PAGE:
Yesterday the Scottish Government published its latest report on wildlife crime: ‘Wildlife Crime in Scotland: 2014 annual report’ (see here).
It was accompanied by a Government press release (here) with a headline statement claiming ‘ Recorded wildlife crime dropped by 20 per cent in the period 2013-2014‘. This claim has been regurgitated, without real examination, in much of the national press, which will give the public the impression that all’s going swimmingly in the fight against wildlife crime in Scotland. This couldn’t be further from the truth.
Let’s start with the report’s name. It claims to be the ‘2014 annual report’, but actually the period covered by the report is the 2013/14 financial year: April 2013 to March 2014. That means the majority of the data are from 2013 (9 months worth) – these are wildlife crimes that took place as long ago as 2.5 years and the most ‘recent’ took place 18 months ago (March 2014). Many more offences occurred during the nine months between April-Dec 2014 but they are not included in this report. Although the report itself does explain the reasons behind this odd time-frame selection, the report’s title does not, which means anyone just browsing the headline news will be given a false impression of how recent these findings are. It’s a small point, but it’s an important one.
However, there are bigger issues than just a misleading report title.
If you take the report’s data at face value (which we don’t – more on that in a second) and accept that it’s representative of all reported wildlife crime in Scotland between April 2013 and March 2014, you might also accept that the claim of a 20% reduction in recorded wildlife crime is accurate. But if you look at the data (Table 1), you’ll notice that this supposed broad reduction (i.e. reduction of recorded wildlife crimes in general) is actually almost entirely due to a large reduction in one particular area of wildlife crime: specifically, fish poaching. To then apply this reduction of a specific wildlife crime to all other types of wildlife crime in a broad sweeping statement is wholly misleading.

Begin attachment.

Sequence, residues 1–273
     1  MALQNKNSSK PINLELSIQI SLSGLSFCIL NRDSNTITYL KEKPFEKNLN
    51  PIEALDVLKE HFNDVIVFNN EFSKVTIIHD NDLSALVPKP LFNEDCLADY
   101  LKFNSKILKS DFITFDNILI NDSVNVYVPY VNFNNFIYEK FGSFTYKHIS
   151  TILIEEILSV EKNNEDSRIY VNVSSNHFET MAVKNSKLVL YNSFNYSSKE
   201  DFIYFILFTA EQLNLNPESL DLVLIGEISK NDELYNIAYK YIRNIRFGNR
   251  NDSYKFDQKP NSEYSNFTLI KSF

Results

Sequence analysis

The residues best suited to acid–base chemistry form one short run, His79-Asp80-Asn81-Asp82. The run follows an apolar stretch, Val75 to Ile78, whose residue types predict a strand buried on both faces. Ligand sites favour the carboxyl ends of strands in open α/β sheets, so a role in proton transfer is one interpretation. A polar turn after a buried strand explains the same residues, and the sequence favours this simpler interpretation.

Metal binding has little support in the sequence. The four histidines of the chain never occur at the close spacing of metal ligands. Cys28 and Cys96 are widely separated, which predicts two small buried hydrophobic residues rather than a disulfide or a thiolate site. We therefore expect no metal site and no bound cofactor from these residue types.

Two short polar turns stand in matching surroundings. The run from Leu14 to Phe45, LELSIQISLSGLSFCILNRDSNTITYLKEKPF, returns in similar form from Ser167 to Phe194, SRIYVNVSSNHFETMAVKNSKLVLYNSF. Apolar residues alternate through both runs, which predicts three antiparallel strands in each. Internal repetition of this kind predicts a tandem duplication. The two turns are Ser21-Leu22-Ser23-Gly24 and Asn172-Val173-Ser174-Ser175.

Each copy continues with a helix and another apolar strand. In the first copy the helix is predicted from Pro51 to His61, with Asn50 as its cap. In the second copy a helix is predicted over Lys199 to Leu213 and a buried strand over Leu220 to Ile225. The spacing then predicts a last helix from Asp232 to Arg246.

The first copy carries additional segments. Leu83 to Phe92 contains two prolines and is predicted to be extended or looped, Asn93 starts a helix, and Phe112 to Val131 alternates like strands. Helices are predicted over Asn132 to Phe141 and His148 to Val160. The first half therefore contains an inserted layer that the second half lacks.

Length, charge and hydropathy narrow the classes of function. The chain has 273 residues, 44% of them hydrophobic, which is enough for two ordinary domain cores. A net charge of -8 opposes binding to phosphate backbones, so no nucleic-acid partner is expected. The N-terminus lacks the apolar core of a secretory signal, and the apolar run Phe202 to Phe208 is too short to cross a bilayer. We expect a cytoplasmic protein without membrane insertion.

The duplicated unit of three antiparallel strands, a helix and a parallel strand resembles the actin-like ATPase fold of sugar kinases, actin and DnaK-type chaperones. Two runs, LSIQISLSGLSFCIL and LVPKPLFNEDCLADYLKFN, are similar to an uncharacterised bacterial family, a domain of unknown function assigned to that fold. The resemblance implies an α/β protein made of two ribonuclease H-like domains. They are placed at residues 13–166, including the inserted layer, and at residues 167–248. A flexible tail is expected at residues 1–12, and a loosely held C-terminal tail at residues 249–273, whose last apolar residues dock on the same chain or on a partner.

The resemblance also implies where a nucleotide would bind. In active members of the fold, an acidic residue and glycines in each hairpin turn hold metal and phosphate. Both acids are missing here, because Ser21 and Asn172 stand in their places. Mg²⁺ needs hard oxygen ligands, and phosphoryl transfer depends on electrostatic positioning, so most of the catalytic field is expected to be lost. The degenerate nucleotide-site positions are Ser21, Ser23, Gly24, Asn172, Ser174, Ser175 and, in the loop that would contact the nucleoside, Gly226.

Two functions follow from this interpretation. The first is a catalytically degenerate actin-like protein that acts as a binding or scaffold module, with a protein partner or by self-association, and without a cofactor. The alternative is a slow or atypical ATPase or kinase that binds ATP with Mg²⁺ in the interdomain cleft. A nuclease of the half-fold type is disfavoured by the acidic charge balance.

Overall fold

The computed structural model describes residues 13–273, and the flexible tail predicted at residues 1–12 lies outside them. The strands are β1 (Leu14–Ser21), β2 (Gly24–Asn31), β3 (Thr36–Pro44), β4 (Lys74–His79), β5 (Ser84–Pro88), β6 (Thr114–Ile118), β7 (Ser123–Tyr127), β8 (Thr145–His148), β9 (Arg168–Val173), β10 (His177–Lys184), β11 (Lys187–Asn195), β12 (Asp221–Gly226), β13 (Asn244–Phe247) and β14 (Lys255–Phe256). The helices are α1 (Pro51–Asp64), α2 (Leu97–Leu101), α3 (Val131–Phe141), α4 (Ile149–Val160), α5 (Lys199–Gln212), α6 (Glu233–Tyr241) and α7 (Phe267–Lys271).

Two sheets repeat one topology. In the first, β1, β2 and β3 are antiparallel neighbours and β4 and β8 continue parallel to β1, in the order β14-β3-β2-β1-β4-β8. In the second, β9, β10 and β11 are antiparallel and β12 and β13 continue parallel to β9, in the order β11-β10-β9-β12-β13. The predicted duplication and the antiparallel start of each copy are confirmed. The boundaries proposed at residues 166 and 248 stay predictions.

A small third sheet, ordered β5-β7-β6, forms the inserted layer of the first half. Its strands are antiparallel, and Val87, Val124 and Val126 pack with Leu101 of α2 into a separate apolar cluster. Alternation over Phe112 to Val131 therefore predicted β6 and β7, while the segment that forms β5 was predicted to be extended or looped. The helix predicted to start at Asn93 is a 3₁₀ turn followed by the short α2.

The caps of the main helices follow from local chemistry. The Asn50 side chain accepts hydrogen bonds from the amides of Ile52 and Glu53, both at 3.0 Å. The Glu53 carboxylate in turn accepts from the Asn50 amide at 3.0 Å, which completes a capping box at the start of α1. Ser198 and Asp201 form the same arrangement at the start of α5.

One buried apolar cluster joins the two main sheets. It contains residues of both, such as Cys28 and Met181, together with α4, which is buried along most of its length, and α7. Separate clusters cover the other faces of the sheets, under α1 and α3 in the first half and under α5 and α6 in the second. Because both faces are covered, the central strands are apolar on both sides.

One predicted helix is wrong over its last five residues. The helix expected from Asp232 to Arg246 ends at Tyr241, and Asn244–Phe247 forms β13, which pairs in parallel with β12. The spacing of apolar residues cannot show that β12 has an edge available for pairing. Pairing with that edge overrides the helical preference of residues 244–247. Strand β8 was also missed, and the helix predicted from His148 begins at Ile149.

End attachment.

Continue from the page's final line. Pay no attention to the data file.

Our main issue with this report, as with previous reports, is the Government’s insistence on only using crime data that has been recorded by the Police. Although this report does attempt to address this problem by including separate sections on data collected by others (e.g. Scottish Badgers, SSPCA), these data are still not included in the overall analysis of wildlife crime trends because these incidents weren’t recorded on the Police national crime database. A good example of this is shown in Table 10, which details the number of wildlife cases investigated by the SSPCA. The report accepts that cases investigated solely by the SSPCA (as opposed to cases where the SSPCA has assisted the Police) are not included in the ‘official’ recorded crime data because ‘they are not recorded on the police national crime database’. So in effect, 69 cases that were investigated solely by the SSPCA during the period covered by the report are absent from the national figures. It seems bizarre that even though these data are available (of course they are, they appear in this report, albeit in a separate section!) they are still excluded from the main analysis. This blatant exclusion immediately reduces our confidence in the robustness of the ‘national’ data.
Another blatant exclusion of data is demonstrated in Table 17 in the Raptor Persecution section. This table identifies only 16 bird of prey victims from the mass poisoning in March 2014 known as the Ross-shire Massacre, excluding the other six victims that were found. The report justifies this exclusion by explaining that evidence of poisoning was not found after examinations of those six raptors. That’s fair enough, but surely we’re not expected to believe that those six victims all died of natural causes, in the same small area, and at the same time, as the 16 confirmed poisoning victims? They don’t appear in the figures because a crime couldn’t be identified, but they still died as a result of this crime and to pretend otherwise is nonsense.